“I’ve always been fascinated by the ways in which the brain forms and retains memories,” says Matthew Parsons (pictured).
This fascination became even more intense for the professor when, as an adult, he had family members diagnosed with dementia. After that happened, he saw his loved one’s very sense of memory and self change.
“While we’ve come a long way in our understanding of this disease, there is still so much to learn,” Dr. Parsons notes of dementia.
Lately, in his own research, Parsons has been exploring “Alzheimer’s disease at the level of the synapse – the tiny space where one brain cell communicates with another.” He explains that usually synapse communication breaks down “well before any cell death occurs” in Alzheimer’s.
By looking at those early stages of Alzheimer’s disease where cell communication breaks down, Parsons, along with his research lab colleagues at Memorial University in Newfoundland and Labrador, are hoping to find ways to intervene in those early stages – and thus slow the progress of Alzheimer’s disease in general.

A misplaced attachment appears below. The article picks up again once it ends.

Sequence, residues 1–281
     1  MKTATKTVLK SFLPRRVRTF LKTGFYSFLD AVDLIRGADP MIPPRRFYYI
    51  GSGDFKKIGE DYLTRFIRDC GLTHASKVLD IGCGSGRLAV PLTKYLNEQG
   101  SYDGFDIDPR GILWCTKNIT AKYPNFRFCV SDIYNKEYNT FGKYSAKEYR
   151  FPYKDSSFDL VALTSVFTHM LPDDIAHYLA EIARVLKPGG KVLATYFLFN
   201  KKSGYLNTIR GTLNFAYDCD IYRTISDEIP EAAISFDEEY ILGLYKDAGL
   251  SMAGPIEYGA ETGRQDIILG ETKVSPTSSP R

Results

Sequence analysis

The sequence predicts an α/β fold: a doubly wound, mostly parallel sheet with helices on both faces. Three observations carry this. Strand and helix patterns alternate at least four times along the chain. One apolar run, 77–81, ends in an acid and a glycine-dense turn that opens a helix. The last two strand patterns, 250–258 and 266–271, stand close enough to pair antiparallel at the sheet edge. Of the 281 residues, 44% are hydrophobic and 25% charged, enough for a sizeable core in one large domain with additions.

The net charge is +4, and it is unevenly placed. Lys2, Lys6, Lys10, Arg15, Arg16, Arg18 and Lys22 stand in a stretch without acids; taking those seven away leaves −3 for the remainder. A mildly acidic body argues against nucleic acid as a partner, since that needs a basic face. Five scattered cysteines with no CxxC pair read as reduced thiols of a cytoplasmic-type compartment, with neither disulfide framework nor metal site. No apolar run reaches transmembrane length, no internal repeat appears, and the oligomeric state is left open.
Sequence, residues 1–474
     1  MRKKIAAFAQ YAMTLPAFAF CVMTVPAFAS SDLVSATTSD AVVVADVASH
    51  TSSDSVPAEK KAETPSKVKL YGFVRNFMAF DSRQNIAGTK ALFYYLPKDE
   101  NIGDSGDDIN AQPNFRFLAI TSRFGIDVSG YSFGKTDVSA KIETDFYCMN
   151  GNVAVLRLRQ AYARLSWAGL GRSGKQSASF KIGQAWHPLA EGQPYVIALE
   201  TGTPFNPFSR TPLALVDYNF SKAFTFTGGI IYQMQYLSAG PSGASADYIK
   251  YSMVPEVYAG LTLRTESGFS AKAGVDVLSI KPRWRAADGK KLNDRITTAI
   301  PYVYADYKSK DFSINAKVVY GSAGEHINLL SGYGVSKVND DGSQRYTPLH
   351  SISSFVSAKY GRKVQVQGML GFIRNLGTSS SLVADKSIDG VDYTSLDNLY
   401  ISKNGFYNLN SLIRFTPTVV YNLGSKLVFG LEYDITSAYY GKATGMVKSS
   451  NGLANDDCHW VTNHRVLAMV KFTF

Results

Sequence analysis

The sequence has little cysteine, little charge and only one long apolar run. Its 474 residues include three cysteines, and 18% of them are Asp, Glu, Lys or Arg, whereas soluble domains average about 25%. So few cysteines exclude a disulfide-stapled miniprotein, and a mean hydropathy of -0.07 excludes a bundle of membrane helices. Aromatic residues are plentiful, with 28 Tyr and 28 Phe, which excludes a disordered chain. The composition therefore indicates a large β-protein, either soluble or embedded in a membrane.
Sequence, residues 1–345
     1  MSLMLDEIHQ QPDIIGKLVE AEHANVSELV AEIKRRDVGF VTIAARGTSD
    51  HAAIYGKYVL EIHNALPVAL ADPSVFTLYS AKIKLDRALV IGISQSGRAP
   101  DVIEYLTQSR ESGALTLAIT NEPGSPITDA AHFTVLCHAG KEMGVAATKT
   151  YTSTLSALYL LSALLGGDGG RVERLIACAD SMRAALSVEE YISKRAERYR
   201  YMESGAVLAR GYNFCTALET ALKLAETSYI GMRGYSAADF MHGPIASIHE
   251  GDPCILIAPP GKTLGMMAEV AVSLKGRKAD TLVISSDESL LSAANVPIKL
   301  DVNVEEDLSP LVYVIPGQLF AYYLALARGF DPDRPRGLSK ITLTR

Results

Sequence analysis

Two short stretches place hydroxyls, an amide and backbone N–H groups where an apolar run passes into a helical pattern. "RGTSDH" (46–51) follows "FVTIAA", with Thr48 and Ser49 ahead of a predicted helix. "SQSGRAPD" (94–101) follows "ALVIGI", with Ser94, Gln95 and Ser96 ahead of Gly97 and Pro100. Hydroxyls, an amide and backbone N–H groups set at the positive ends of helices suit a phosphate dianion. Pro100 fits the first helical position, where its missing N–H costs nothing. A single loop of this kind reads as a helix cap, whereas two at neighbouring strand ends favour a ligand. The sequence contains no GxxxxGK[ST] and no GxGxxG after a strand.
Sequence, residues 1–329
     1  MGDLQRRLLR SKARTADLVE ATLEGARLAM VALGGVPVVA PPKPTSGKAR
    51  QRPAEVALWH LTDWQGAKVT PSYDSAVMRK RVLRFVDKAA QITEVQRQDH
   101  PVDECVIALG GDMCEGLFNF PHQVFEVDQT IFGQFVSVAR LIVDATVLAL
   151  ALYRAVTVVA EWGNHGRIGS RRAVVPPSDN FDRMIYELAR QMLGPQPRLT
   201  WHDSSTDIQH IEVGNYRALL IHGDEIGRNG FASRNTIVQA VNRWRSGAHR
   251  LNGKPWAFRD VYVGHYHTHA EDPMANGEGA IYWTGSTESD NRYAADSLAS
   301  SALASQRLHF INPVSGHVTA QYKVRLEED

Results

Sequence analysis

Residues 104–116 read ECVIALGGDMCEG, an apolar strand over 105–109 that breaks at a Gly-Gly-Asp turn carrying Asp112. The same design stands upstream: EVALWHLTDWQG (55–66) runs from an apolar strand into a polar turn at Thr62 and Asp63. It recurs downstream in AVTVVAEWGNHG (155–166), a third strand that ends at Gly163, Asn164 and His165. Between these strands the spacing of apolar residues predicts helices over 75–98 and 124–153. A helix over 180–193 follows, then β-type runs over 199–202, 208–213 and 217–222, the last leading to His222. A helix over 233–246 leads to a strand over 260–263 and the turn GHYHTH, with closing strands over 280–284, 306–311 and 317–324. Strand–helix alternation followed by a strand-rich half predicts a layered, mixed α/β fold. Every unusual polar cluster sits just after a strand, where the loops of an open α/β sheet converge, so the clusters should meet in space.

The need for progress on a cure couldn’t be more urgent.
“Alzheimer’s disease, a disease that strips away your cognitive function and sense of self, affects one in 20 Canadians over the age of 65,” Parsons explains. “Without further research, 30 people you know will develop Alzheimer’s disease.”
Parsons has also been researching cell-communication problems – and possible solutions – in relation to Huntington disease dementia too.
Find out more in the ASRP Exchange’s upcoming free webinar: "Strengthening brain cells: Determining the failure of brain cell communication in Alzheimer's disease."